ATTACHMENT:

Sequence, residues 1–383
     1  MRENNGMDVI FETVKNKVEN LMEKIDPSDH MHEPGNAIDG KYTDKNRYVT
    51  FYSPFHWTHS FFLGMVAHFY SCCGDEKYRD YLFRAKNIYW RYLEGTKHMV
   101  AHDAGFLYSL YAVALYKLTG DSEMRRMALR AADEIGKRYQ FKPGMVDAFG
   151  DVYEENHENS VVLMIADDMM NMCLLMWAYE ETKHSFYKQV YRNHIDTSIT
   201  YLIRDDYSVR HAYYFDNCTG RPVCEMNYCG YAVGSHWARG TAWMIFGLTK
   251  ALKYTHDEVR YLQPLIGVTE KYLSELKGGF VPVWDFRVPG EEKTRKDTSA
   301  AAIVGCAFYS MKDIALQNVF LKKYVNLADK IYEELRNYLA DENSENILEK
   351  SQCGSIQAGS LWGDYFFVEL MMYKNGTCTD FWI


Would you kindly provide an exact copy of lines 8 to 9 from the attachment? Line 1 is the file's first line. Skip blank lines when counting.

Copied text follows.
   301  AAIVGCAFYS MKDIALQNVF LKKYVNLADK IYEELRNYLA DENSENILEK
   351  SQCGSIQAGS LWGDYFFVEL MMYKNGTCTD FWI